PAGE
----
Without an End to Aging, Every New Technological Advance is Just Another, Greater Monument to the Dead

A golden future is ahead of us. Humanity will build wonders upon the Earth, cities on the moon and Mars. There will be arcologies to touch the skies, artificial general intelligences that surpass the minds of humanity, molecular assemblers constructing the necessities of life from soil, resurrected dinosaurs grazing alongside de novo unicorns, and probes departing for the nearest stars. There will be wealth beyond measure, in an age of plenty for all. Hunger and disease will be banished, even as we engineer all of the greatest dreams of past visionaries into reality.

But what does any of this matter without longevity, without radical life extension, without an end to aging? The present, seen from the perspective of futurists two or three centuries past, already appears a golden age of staggering, near-magical machineries. An era of grand wealth and comfort, in which even the poorest of the wealthy nations live the lives of nobility, immune to famine and pestilence. But our cities and our achievements, the towering spires and the internet, the freeways and clinics, are little more than monuments to their originators. The engineers and the creators and the visionaries of this modern world of ours are long dead or even now dying of old age.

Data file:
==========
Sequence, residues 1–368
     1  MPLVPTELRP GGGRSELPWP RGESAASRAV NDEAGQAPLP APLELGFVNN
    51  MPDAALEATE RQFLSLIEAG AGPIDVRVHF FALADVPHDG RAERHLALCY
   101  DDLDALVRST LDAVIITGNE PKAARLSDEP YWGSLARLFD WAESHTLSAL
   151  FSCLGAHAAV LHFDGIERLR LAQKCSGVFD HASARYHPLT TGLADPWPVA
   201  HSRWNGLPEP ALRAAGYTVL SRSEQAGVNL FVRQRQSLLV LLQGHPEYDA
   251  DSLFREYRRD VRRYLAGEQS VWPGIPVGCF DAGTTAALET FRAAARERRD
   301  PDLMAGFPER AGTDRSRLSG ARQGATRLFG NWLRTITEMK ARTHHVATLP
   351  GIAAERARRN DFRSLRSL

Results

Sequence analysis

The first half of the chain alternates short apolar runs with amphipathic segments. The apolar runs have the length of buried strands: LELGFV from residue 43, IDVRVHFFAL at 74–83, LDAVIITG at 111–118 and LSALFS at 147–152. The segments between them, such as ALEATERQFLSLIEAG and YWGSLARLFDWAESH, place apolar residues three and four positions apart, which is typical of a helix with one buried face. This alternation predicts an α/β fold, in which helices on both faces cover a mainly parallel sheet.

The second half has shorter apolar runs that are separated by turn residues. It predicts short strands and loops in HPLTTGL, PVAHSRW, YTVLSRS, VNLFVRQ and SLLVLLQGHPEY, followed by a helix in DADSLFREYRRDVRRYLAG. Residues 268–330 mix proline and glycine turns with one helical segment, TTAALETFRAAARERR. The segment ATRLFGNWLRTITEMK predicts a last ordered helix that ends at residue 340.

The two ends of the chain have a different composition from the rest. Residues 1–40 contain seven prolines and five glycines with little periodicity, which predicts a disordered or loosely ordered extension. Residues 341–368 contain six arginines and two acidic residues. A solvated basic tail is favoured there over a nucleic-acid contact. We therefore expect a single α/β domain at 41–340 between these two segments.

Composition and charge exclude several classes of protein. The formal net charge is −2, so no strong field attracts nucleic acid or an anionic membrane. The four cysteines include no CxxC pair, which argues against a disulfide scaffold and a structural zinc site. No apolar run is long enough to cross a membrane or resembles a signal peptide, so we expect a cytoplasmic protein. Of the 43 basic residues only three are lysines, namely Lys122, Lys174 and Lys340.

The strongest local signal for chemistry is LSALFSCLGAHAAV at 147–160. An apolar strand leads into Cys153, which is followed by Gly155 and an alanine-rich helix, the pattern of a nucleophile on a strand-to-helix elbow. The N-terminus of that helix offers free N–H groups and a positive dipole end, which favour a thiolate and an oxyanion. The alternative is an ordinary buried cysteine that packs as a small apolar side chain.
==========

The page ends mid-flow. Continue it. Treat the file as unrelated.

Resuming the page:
It is a noble thing to build a greater technology, to generate the wealth of choice and capability that will aid billions in years to come. To contribute to the construction of the golden future, one step at a time, is right and proper. Yet without biotechnologies to control aging, whatever you or I choose to build will be nothing more than a bigger and better monument to our passing, one increment greater than the monuments of our predecessors, and what difference that to the dead? It will become one of the countless tombstones of our age, of the all too short span of years in which we and our fellow travelers lived. Then we will be gone, and only the tombstones remain, and then even those will crumble.

We put fences around graveyards. That is a foolish thing, a wished-for separation of concerns that does not and cannot exist. Every city, every building, every road is a marker of the dead. Every last cultivated part of our environment was touched by someone who is now no more, gone to oblivion. When we walk into the doorways, or drive over the asphalt, it becomes a marker for us as well. For our generation. This will be the way of it. Whatever we strive to build, no matter how noble, no matter how useful, it will be nothing more than a tombstone, a monument, a marker destined to be worn down to nothing while we no longer exist. What is the point to this?